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What are the Most Common Hearing Tests Conducted?
As you age, your hearing gradually declines. A visit to hearing health professionals is a great way to check your hearing and find out what you can do about it. So, here are four of the most common hearing tests hearing health professionals will administer during a typical appointment.
Bone Conduction Testing
There are many different hearing tests a hearing health professional may perform, but bone conduction testing is one that you'll likely see at every appointment. It's often the first test administered because it bypasses any potential blockages in your ear canal to determine what type of hearing loss you have and if there has been nerve interruption resulting from a head injury. They will ask you to cover your ears with the palms of your hands and then play various tones at different volumes to assess the conduction of sound through bones rather than air.
The hearing health professional will also perform an air conduction test to compare the two. If you experience hearing loss, you should hear sound louder when conducted through your ear canal than with bone conduction testing.
The tympanometry test measures the condition of your eardrum and middle ear. Hearing health professionals place a small probe in one or both ears to measure air pressure changes that help identify blockages in the ear canal to perform tympanometry. This measurement can help diagnose conditions such as wax buildup and middle ear infections.
Picking up the sounds of a voice in your ear is one thing, but how do you hear it? Pure tone testing examines how well different frequencies sound. A pure-tone test will measure:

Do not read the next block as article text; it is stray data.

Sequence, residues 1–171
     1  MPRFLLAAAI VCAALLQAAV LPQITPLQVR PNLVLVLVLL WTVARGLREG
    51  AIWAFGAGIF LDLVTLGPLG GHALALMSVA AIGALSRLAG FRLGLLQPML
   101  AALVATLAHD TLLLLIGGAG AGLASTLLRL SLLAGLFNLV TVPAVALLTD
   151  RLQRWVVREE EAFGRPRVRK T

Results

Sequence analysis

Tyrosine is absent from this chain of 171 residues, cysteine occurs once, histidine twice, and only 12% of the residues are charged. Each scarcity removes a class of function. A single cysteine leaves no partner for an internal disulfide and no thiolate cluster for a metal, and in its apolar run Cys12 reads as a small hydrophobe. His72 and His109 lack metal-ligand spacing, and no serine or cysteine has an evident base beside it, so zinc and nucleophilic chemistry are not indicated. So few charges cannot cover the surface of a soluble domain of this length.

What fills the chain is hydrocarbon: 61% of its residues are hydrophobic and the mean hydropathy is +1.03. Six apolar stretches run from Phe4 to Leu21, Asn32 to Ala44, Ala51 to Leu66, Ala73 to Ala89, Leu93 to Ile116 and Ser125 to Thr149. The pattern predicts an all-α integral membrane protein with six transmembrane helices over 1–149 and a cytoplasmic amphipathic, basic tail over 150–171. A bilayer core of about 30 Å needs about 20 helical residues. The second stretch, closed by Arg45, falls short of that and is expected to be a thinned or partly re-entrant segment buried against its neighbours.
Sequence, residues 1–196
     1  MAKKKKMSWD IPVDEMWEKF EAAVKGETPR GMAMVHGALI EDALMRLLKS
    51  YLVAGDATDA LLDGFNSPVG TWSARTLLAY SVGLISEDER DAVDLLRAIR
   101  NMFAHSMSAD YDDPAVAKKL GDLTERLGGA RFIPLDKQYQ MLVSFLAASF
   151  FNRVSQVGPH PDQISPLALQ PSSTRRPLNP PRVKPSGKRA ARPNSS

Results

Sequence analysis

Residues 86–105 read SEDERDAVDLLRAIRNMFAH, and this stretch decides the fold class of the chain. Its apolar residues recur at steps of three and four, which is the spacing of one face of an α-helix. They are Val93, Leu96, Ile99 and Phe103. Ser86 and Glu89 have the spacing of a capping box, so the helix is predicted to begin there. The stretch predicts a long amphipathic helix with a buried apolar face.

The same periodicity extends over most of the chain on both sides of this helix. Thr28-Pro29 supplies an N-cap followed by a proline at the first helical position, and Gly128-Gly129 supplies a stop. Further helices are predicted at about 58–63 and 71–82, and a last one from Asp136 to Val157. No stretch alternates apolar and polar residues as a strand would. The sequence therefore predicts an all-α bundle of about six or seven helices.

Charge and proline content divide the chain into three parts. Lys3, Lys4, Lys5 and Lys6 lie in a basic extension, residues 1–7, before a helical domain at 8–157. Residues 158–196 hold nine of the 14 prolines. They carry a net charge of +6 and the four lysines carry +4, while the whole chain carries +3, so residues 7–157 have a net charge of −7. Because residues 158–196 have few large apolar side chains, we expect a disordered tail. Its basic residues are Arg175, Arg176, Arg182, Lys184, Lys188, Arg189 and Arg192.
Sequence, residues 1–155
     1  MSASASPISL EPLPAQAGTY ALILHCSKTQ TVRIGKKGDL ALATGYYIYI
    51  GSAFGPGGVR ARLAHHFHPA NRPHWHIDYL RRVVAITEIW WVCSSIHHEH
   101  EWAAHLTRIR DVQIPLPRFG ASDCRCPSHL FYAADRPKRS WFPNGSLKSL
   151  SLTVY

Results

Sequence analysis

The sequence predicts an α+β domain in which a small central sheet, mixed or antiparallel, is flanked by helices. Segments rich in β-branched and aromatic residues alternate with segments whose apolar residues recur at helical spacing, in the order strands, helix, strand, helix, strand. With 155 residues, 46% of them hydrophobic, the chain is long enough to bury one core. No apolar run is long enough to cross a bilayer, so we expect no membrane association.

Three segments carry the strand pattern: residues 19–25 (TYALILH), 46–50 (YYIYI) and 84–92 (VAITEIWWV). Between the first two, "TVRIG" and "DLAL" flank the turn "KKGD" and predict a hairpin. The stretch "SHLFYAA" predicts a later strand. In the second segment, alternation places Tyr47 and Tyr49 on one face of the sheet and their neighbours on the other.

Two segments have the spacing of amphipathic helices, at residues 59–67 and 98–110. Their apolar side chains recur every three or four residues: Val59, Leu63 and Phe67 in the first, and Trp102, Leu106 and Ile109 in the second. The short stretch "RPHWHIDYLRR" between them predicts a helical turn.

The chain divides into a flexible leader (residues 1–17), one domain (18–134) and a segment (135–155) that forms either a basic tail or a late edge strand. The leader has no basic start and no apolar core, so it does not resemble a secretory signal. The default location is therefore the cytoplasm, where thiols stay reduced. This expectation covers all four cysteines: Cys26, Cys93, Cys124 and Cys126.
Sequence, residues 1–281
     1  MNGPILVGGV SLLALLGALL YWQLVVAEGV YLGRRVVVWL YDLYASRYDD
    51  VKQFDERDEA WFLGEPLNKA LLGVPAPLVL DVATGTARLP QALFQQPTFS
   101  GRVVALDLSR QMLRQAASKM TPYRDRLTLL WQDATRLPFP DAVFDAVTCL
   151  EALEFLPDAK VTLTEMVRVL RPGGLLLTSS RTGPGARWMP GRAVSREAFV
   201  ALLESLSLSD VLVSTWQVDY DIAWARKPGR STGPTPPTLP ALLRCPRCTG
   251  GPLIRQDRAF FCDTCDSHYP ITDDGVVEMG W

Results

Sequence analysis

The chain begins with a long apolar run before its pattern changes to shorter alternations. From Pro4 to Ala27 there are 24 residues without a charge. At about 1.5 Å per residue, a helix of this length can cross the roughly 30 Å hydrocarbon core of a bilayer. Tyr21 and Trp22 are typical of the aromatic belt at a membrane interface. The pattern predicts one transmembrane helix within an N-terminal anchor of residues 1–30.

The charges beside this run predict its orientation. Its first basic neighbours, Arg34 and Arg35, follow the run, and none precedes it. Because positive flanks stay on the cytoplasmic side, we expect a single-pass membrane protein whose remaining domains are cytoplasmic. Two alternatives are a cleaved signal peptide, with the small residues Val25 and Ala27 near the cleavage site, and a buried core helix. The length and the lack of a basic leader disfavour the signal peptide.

- How much noise there is when no other sound is playing.
- The volume at which the noise sounds.
- How well you can hear high-pitched noises versus low-pitched noises.
Pure-tone testing can also assess the sounds of a tuning fork and how well you hear it versus your other ear. This can help identify which side is causing hearing loss, if any or whether there are problems with both ears that need addressing separately.
A speech audiogram is a hearing test that measures the ability of an individual to understand and use language. This involves evaluating all aspects related to how the ear interprets sound waves and processing the brain’s sound. A patient's performance on this type of assessment will provide helpful information about their auditory processing and language skills.
To determine the severity of hearing loss, the hearing health professionals will administer an audiogram at different frequencies: 250 Hz, 500 Hz and 2000 Hz. In this case, a speech discrimination score can be calculated based on how well the patient could hear certain sounds in these three frequency ranges. Another test, the speech in noise test, will measure an individual's ability to understand speech in a noisy environment.
Hearing loss is a complicated condition, but it may not be as challenging to understand as you think. However, knowing what the different hearing tests entail and how they can help you will make your appointment less stressful.